Chapter 23 Building blocks of FOL

23.1 The need to decompose sentences

Consider the following argument, which is obviously valid in English:

  • Willard is a logician.

  • All logicians wear funny hats.

  • Willard wears a funny hat.

To symbolize it in TFL, we might offer a symbolization key:


Willard is a logician.


All logicians wear funny hats.


Willard wears a funny hat.

And the argument itself becomes:


But the truth-table test will now indicate that this is invalid. What has gone wrong?

The problem is not that we have made a mistake while symbolizing the argument. This is the best symbolization we can give in TFL. The problem lies with TFL itself. ‘All logicians wear funny hats’ is about both logicians and hat-wearing. By not retaining this structure in our symbolization, we lose the connection between Willard’s being a logician and Willard’s wearing a hat.

The basic units of TFL are sentence letters, and TFL cannot decompose these. To symbolize arguments like the preceding one, we will have to develop a new logical language which will allow us to split the atom. We will call this language first-order logic, or FOL.

The details of FOL will be explained throughout this chapter, but here is the basic idea for splitting the atom.

First, we have names. In FOL, we indicate these with lowercase italic letters. For instance, we might let ‘b’ stand for Bertie, or let ‘i’ stand for Willard.

Second, we have predicates. English predicates are expressions like ‘blank is a dog’ or ‘blank is a logician’. These are not complete sentences by themselves. In order to make a complete sentence, we need to fill in the gap. We need to say something like ‘Bertie is a dog’ or ‘Willard is a logician’. In FOL, we indicate predicates with uppercase italic letters. For instance, we might let the FOL predicate ‘D’ symbolize the English predicate ‘blank is a dog’. Then the expression ‘D(b)’ will be a sentence in FOL, which symbolizes the English sentence ‘Bertie is a dog’. Equally, we might let the FOL predicate ‘L’ symbolize the English predicate ‘blank is a logician’. Then the expression ‘L(i)’ will symbolize the English sentence ‘Willard is a logician’.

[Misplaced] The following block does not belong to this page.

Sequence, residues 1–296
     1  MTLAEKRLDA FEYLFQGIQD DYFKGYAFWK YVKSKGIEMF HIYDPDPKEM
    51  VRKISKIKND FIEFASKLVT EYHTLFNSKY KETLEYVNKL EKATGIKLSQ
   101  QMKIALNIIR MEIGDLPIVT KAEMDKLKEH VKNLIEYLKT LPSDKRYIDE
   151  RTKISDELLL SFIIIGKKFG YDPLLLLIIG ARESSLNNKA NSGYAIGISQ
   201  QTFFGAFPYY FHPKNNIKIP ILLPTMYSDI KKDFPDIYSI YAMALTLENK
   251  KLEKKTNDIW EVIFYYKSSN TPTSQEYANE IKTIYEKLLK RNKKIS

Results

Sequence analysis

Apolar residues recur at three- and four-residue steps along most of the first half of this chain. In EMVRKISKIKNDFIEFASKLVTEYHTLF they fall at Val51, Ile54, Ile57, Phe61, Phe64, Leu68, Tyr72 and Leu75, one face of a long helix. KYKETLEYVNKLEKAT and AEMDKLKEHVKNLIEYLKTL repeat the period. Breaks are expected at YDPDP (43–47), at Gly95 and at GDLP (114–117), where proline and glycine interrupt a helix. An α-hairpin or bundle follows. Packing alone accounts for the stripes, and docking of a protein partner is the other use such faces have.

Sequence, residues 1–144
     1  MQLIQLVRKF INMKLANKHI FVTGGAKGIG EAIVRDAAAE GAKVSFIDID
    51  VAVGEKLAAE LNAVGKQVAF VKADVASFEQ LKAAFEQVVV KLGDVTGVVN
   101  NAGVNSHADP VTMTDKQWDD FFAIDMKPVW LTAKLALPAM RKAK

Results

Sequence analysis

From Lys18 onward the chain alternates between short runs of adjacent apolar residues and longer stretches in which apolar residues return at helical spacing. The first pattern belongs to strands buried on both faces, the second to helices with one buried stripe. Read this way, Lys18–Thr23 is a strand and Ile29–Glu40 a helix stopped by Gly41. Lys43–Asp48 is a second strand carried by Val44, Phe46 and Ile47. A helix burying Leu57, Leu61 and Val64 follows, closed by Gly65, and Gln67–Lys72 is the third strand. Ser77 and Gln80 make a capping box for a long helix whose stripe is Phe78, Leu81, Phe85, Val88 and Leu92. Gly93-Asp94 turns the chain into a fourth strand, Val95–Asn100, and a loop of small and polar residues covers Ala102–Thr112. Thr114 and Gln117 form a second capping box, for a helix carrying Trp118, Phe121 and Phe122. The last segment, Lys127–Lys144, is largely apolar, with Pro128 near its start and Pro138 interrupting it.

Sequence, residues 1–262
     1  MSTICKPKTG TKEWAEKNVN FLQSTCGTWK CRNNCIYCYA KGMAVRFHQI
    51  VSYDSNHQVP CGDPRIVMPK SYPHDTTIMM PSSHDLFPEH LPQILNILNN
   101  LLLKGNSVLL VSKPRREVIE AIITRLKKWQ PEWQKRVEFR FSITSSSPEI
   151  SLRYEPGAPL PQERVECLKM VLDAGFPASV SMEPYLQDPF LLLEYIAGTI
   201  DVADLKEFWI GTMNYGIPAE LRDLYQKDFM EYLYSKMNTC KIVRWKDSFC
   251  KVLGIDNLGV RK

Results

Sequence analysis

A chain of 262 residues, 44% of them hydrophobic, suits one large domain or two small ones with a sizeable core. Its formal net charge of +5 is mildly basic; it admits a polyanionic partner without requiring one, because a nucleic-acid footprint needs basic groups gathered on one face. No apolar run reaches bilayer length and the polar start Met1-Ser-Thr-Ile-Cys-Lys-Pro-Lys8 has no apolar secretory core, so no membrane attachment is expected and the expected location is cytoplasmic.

Third, we have quantifiers. For instance, ‘’ will roughly convey ‘There is at least one …’. So we might symbolize the English sentence ‘there is a dog’ with the FOL sentence ‘xD(x)’, which we might read aloud as ‘there is at least one thing, x, such that x is a dog’.

That is the general idea, but FOL is significantly more subtle than TFL, so we will come at it slowly.

23.2 Names

In English, a singular term is a word or phrase that refers to a specific person, place, or thing. The word ‘dog’ is not a singular term, because there are a great many dogs. The phrase ‘Bertie’ is a singular term, because it refers to a specific terrier. Likewise, the phrase ‘Philip’s dog Bertie’ is a singular term, because it refers to a specific little terrier.

Proper names are a particularly important kind of singular term. These are expressions that pick out individuals without describing them. The name ‘Emerson’ is a proper name, and the name alone does not tell you anything about Emerson. Of course, some names are traditionally given to boys and others are traditionally given to girls. If ‘Hilary’ is used as a singular term, you might guess that it refers to a woman. You might, though, be guessing wrongly. Indeed, the name does not necessarily mean that the person referred to is even a person: Hilary might be a giraffe, for all you could tell just from the name.